Excess egg consumption linked with increased risk of diabetes: study


The health effects of eggs have been debated for years. They were once feared to increase risk of heart disease by raising cholesterol levels. However, a 30-year study published most recently by the British Medical Journal suggested moderate egg consumption (one a day) was not associated with increased risk of cardiovascular disease, which can lead to heart attack or stroke.

The association between egg consumption and diabetes, meanwhile, remains inconclusive after an observational study linked higher egg consumption with increased risk of diabetes in Chinese adults.

The new research comes from the University of South Australia in partnership with the China Medical University, and Qatar University. The longitudinal study (1991 to 2009) was the first to assess egg consumption in a large sample of Chinese adults.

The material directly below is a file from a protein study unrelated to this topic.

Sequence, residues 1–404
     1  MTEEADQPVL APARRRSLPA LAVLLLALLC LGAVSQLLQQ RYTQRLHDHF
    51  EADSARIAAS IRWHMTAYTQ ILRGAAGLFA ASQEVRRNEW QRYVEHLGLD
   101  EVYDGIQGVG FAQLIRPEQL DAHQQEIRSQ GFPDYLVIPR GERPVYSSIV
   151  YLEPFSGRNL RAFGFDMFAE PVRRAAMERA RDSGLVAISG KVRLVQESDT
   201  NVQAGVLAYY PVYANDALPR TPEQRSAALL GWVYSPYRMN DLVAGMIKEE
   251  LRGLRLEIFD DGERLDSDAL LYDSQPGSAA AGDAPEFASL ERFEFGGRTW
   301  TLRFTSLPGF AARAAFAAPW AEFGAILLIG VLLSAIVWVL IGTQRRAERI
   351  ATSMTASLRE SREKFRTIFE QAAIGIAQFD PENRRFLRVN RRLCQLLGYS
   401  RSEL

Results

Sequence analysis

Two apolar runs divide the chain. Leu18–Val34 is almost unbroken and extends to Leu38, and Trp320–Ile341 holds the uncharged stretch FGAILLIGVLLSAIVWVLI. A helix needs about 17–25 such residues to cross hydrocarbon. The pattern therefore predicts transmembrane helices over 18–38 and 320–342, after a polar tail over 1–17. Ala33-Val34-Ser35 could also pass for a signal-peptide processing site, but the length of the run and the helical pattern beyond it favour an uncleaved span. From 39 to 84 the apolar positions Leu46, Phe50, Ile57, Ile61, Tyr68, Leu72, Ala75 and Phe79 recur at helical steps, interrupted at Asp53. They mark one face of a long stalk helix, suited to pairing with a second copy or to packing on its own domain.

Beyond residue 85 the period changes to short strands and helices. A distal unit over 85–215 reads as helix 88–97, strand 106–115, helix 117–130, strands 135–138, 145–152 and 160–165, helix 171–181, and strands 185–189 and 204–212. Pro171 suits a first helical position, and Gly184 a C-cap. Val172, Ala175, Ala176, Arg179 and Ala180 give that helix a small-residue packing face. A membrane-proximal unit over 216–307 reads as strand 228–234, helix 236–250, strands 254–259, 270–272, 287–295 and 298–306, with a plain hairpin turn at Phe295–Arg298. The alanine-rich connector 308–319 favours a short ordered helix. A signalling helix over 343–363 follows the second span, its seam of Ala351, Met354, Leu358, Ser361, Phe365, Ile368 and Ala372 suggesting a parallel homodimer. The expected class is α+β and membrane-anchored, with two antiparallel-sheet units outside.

It found that people who regularly consumed one or more eggs per day (equivalent to 50 grams) increased their risk of diabetes by 60%.

UniSA’s Dr Ming Li said the rise of diabetes was a growing concern in China where changes to the traditional Chinese diet are impacting health.

“Diet is a known and modifiable factor that contributes to the onset Type 2 diabetes, so understanding the range of dietary factors that might impact the growing prevalence of the disease is important,”​ Dr Li said.

“Over the past few decades China has undergone a substantial nutritional transition that’s seen many people move away from a traditional diet comprising grains and vegetables, to a more processed diet that includes greater amounts of meat, snacks and energy-dense food.


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